For some reason over the period of a week in January 1909 the Jersey Devil returned and caused havoc all over South Jersey and Philadelphia.
In this seven day period the New Jersey Devil monster was spotted by just over 1000 witnesses!
It all started off on the Sunday morning when Thack Cozzens came face to face with the creature on a main street in Woodbury. Some time later in the day the creature was again spotted on a canal bank in Bristol, PA. During the process of the day the creature was spotted a few more times and fired upon by lawmen.
The next morning the shaken residents of Bristol found strange hoof prints in the snow where the creature had been spotted.
These sightings carried on for the whole week period covering Burlington, Columbus, Hedding, Kinhora, Rancocas, Gloucester, Collingswood, Moorestown, Clementon and Hainesport.
It was all over New Jersey! As I mentioned earlier many factories in Jersey had to close due to workers simply not turning up – everyone was petrified!
The reports on the New Jersey Devil monster have become more spread out in modern times – I guess people just don’t want to be branded as a nut-job!
There are some very important incidents though that should not be overlooked…
In 1927 a cab driver from Salem stopped his vehicle to handle a flat tire that had been stalling his car’s progress. When he got out of the car he was confronted with a winged creature on the roof of the cab screaming down at him – he quickly vacated the area!
In 1961 a pair of couples were parked up in a car enjoying the night sky when all of a sudden the car started to shake. When they jumped out of the car they noticed a huge creature on the roof screaming down at them. Much like the cab driver – they all pegged it away as fast as possible!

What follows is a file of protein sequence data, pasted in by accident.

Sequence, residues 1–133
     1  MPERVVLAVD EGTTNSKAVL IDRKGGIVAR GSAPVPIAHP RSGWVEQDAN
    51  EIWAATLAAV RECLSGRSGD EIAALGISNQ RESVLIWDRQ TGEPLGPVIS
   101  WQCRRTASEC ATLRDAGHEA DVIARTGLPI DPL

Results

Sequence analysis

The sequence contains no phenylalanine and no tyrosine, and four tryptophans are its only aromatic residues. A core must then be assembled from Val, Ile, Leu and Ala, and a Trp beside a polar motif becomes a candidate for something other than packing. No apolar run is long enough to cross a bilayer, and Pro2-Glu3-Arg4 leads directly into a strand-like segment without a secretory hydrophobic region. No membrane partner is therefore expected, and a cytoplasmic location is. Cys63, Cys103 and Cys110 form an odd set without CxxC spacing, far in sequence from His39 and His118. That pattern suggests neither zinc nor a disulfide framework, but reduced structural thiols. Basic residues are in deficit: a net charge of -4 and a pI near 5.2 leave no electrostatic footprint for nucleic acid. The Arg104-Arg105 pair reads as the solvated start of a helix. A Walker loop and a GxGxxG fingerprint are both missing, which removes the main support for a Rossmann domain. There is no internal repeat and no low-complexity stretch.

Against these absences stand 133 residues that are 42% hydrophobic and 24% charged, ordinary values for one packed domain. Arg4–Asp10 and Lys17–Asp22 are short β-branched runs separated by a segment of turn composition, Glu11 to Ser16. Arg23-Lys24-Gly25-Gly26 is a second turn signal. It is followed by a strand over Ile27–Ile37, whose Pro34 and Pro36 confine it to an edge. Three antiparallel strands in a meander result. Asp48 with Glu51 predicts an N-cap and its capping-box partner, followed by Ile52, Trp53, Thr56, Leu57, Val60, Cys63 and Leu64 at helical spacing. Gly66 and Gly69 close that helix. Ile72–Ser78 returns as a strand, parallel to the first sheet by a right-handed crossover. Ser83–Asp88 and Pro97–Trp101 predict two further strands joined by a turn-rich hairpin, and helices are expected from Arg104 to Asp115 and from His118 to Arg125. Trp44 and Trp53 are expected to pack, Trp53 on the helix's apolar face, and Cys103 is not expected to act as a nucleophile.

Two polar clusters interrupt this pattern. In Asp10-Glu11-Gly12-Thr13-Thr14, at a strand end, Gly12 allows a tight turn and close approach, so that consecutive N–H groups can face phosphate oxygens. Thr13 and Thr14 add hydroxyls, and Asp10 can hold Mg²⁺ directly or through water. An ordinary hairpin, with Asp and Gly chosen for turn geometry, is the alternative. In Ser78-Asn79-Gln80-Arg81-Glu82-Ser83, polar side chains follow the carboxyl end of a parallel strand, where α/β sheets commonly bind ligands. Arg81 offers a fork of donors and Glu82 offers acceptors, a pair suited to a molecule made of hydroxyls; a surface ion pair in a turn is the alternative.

Intriguing evidence of the New Jersey Devil legend appeared in 1987 when a large German Shepard from Vineland was discovered ripped to shreds. It had been chained up but whatever ‘got him’ had managed to break him from his chains and drag him 25 feet away. Investigators took note of strange tracks and prints that surrounded the dog’s corpse.
Well there are so many it’s hard to know where to begin really!
A lot of people feel that the New Jersey Devil story is based on evil itself. They feel the creature is the essence of evil – the harbinger of war.
Another theory is that the New Jersey Devil monster is not a monster at all – it’s simply a bird that resembles a sand hill crane. This particular bird weighs about 12 lbs., is 4 foot high, and a wingspan of 80 inches.
I have also come across a group online that firmly believe that the Jersey Devil is a group of pterodactyls who have managed to survive throughout the years. It’s thought the group may of been stuck inside caves and a earthquake released them.
And last but not least the dragon (for you Game of Thrones fans out there!). Some believe that dragons were not a myth at all and the Jersey Devil was a direct descendant from them. All myths originate from some sort of truth….don’t they?
What is your opinion on the New Jersey Devil legend?